Lookout Coverage and Recommendation for Admins
To ensure your devices are protected, Lookout admins should take the following steps in their Lookout console:
- Enable the Application Vulnerability policy, which will detect when a vulnerable app version is on the device. Since there are known exploits, we suggest you set the severity to high and block user access to work data until they update the app.
- Lookout will publish coverage for this vulnerability on January 4th, 2024 under the family name MultiApp-CVE-2023-7024, after which the alerts will be generated based on the admin's risk, response and escalation setup. Any device with vulnerable versions of Chrome (at or below 120.0.6099.143) or Edge (at or below 120.0.2210.90) will receive an alert if detected after that date.
- Enable Lookout Phishing & Content Protection (PCP) to protect mobile users from malicious phishing campaigns that are built to exploit these vulnerabilities in order to phish credentials or deliver malicious apps to the device.
Google recently disclosed a critical vulnerability in Chromium, which is the open-source web browser project that they maintain, that adversely affects both Google Chrome and Microsoft Edge browsers across desktop and mobile devices. The vulnerability, which is classified as highly critical with a CVSS score of 8.8/10, could enable an attacker to execute code remotely on the device and infect with malware or steal sensitive data.
The vulnerability itself exists in the WebRTC, which stands for Web Real-Time Communications. WebRTC is an open-source project that enables developers to build real-time voice, text, and video communication capabilities between web browsers and the devices they run on. A remote attacker could potentially exploit heap corruption, which is a memory function, to carry out an attack on devices with vulnerable versions of Chrome and Edge.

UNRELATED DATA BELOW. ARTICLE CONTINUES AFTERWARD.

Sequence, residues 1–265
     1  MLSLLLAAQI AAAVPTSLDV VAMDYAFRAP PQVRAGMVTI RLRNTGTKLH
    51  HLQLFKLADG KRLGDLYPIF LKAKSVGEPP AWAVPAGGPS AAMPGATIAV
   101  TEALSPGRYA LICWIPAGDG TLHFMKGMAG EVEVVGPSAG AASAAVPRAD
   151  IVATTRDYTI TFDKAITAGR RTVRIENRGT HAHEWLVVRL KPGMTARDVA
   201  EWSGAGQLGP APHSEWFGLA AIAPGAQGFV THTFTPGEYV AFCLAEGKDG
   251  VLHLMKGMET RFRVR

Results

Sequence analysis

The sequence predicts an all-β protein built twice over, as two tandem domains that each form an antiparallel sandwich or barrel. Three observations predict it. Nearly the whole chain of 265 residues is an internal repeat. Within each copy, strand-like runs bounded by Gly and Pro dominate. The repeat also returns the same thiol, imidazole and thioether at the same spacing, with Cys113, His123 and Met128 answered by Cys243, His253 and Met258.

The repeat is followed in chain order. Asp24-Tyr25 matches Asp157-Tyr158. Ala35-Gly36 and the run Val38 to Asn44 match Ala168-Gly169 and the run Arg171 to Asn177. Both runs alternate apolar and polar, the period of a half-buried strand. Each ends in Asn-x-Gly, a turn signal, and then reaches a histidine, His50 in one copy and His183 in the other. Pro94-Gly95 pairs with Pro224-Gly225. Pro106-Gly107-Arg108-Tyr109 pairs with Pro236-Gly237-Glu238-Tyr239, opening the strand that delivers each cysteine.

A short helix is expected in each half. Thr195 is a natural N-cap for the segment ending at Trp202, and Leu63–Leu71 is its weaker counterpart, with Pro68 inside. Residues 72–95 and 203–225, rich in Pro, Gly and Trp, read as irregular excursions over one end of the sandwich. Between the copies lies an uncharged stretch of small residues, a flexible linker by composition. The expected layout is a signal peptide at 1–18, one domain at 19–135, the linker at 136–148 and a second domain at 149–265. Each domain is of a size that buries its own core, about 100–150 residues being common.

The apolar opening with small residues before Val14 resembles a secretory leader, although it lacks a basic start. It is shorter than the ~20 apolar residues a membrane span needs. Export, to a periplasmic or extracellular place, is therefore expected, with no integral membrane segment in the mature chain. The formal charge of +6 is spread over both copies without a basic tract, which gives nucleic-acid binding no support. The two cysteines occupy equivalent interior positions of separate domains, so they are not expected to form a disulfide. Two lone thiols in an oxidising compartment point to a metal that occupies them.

To understand the severity of this vulnerability, it’s important to know what heap memory corruption is. Across programming languages, a heap is a special block of memory that the operating system will set aside for a particular application to hold its memory in. When the heap is corrupted, intentionally or unintentionally, it can lead to application crashes, data loss, and security vulnerabilities.
The most likely way for an attacker to exploit this vulnerability would be to send a maliciously crafted webpage, which makes sense since the vulnerability exists in the device’s web browser. Since this needs to be delivered to mobile device users, the attacker would send a message over SMS, email, a third-party messaging platform, or any mobile app that has a messaging feature. That message would contain a link to the malicious webpage, and with some simple social engineering the attacker could convince the victim to tap the link and kick off the exploit.
Finally, it’s important to note that mobile device management (MDM) solutions would not detect this type of attack. While MDMs are useful for managing which apps are on a device and enforcing basic device security measures, they cannot detect phishing links or malicious code being loaded onto the device.
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